Appearing in In The Black Digital site, August 2017
F. Scott Fitzgerald, that great chronicler of the foibles of society, was once asked whether the rich were different to the rest of us. “Yes,” he replied. “They have more money.”
These days, much more money – much much more. According to the Bloomberg Billionaires Index (www.bloomberg.com.billionaires), which keeps a running check on the super-affluent, the richest man in the world, Bill Gates, had US$90.7 billion (on 30 June 2017). Second was Jeff Bezos, founder and largest shareholder of Amazon, with US$87.2 billion. Even the person who ranks 500 on the Bloomberg list, Xu Bo, a Chinese online games developer, comes in at US$3.88 billion.
The US dominates the billionaires list (although not to the degree it once did), and many of the American super-rich have much of their wealth invested in the US stock markets. This means that market movements can have major impacts. In the course of one day, 16 May 2017, Gates lost US$1 billion as Microsoft shares fell 2.8 percent. Bezos lost even more, about US$3.7 billion, temporarily dropping to the No. 3 slot. He was passed, for a while, by Spanish retailing tycoon Amancio Ortega, who lost only US$355 million. Facebook founder Mark Zuckerberg was also hit hard, dropping US$2 billion to US$62.3 billion when the company tumbled by 3.3 percent.
As a group, the 500 richest people lost around US$35 billion. The cause of the stock market tumult was political events, with President Donald Trump’s ties to Russia and his firing of former FBI Director James Comey under scrutiny. But the billionaires who lost staggering amounts seemed unconcerned. There were no public statements lamenting their losses or attacking Trump.
“When you look at this group you find that some are very involved with their investments, and some are less so,” says Alex Erskine, Principal of Erskinomics Consulting, a company aimed at promoting economic and financial development around the world. “As you get more money you can spread your investments more broadly and take a longer view on returns. So daily movements don’t matter so much.”
But if downward movements on the stock market can reduce the pile it is equally the case that upward movements can see it grow dramatically. The net worth of Jack Ma, chairman of Chinese online retailer Alibaba, surged US$2.8 billion on 9 June 2017 when the company forecast sales growth that topped the market estimates. The news pushed the Alibaba share price up 13 per cent to a record high.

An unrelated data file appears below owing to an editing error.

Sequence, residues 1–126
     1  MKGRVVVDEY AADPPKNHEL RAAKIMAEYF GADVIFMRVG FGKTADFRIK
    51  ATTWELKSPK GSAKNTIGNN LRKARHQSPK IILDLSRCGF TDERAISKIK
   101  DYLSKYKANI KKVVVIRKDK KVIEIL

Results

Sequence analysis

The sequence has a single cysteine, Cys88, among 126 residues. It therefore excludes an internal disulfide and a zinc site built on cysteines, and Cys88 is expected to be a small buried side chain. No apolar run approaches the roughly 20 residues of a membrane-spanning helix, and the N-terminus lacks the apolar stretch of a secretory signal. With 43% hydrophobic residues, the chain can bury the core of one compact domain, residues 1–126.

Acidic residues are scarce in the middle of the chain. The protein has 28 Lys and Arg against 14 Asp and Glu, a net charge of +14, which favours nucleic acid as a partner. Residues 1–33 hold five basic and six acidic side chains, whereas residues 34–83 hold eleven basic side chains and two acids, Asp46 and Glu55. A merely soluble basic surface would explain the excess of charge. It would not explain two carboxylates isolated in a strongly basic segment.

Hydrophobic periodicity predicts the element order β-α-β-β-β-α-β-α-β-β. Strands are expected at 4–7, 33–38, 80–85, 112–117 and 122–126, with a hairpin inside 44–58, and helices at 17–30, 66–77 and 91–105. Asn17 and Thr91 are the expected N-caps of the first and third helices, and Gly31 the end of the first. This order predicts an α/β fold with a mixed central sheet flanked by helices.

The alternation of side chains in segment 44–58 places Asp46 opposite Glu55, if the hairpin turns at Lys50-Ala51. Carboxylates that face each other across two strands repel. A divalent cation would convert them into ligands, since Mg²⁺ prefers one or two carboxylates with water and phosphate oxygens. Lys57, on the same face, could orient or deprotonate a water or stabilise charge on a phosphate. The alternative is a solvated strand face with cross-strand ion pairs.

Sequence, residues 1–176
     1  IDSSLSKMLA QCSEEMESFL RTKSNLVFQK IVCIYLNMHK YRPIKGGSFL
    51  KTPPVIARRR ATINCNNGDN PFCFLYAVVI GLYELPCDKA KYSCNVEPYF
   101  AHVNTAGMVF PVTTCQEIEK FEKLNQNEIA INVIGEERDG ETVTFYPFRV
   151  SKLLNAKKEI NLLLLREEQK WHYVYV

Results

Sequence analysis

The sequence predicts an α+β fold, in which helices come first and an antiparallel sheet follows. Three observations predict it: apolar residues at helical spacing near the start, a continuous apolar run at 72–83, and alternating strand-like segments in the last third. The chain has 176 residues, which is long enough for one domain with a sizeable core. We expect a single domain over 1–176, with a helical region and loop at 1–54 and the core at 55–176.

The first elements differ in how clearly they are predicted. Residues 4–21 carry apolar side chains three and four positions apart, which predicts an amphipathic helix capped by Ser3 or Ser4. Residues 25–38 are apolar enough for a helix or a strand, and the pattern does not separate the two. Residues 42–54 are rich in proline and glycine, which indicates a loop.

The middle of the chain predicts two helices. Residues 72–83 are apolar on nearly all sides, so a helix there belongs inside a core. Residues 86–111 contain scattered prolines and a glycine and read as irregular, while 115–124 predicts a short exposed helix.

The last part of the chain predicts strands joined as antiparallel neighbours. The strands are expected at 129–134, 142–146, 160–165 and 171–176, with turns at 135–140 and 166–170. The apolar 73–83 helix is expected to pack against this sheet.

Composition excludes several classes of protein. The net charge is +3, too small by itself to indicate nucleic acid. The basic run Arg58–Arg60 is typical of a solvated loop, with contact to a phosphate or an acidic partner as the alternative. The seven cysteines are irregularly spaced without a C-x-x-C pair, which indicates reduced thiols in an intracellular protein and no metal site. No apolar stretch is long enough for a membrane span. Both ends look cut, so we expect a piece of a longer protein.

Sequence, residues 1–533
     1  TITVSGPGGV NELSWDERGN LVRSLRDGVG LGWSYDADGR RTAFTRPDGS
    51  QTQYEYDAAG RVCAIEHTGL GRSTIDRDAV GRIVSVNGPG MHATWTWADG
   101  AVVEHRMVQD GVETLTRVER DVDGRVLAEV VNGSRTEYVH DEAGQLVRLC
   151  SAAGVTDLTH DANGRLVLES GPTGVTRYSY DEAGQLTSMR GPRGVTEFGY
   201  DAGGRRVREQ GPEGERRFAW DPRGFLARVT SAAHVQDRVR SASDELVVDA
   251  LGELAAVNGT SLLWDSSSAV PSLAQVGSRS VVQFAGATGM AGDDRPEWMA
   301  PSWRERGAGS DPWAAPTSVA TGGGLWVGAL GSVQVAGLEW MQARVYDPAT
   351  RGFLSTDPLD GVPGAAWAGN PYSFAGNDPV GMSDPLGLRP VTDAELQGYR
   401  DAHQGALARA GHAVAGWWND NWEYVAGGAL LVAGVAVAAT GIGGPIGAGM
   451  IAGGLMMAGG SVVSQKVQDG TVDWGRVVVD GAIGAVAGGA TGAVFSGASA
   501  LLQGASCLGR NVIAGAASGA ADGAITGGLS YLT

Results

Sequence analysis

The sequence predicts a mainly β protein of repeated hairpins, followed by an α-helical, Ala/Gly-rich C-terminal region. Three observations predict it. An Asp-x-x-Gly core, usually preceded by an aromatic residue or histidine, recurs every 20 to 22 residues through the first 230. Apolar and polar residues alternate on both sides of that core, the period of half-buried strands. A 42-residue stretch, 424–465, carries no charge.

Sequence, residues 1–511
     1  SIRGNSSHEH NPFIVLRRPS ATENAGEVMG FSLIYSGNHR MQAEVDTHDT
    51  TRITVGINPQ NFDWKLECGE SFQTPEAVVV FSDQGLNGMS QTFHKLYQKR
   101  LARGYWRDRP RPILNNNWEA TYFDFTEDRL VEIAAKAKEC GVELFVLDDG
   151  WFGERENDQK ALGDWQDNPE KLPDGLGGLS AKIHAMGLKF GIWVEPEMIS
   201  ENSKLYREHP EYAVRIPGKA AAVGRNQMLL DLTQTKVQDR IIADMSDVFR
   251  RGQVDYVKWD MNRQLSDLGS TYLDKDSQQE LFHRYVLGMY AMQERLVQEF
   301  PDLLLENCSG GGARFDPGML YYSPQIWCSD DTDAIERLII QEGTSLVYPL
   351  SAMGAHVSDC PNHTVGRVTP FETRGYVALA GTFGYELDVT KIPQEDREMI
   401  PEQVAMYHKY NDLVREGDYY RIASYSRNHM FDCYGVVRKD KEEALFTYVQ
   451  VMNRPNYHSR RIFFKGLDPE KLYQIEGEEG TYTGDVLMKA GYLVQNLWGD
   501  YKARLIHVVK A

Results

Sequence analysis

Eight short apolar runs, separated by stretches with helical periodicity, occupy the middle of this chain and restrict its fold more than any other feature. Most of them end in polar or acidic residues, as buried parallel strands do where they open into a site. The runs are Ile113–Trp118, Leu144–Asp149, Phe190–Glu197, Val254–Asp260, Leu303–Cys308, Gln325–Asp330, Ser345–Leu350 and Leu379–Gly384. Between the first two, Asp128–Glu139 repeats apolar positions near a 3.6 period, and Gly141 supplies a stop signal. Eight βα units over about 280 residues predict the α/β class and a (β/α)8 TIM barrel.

Ma is now the richest person in Asia, with a net worth of US$41.8, a gain of over US$8.5 billion in a year.
In Australia, the fading of the resources boom saw an end to wealth figures massively inflated by commodity prices, although mining riches still play a major role. Gina Rinehart, chairman of Hancock Prospecting, comes in at No. 82 on the Bloomberg list, with US$14.4 billion. The wealth of Andrew Forrest, founder and largest shareholder of Fortescue Metals Group, has reduced markedly but he still has US$4.55 billion (435 on the Bloomberg list). The lesser-known Ivan Glasenberg, CEO of Glencore, the world’s largest commodity trader, sits at 307 with US$5.45 billion. The other Australians are Anthony Pratt (No. 284, US$5.68 billion), Frank Lowy (No. 326, US$5.25 billion) and James Packer (No. 435, US$4.37 billion).
An interesting point is that many billionaires continue to work, often putting in exceptionally long hours and taking on ever-increasing responsibilities, even after they have made enough money to be able to spend their days sitting on a tropical beach – or even buy their own tropical island.
“They often it as see an opportunity to make the world a better place,” says Erskine. “Many continue to work well after the usual retirement age, from a sense of duty or for the personal satisfaction. And some move into philanthropic activities. When you look at George Soros or Bill Gates, for example, they show a strong sense of using their resources, and their energy, for larger social purposes. Efficiency and effectiveness become priorities.”
The profile of the world’s billionaire population is undergoing massive change, according to a 2016 report by UBS Group and PwC. The report, Are Billionaires Feeling the Pressure?, noted that growth in the number of billionaires in the US and the other countries of the developed world is slowing, while it is growing in Asia, where someone enters the billion-dollar club every three days (www.ubs.com/billionaires). China is leading the way but new billionaires are appearing in India and other countries as well.
However, many self-made billionaires are now reaching the end of their working careers and are planning to step back. Over the next two decades, approximately 460 billionaires will transfer an astonishing US$2.1 trillion to their heirs. For most of Asia’s young economies, this will be the first-ever handover of billionaire wealth, and the outcome of the process is not yet known.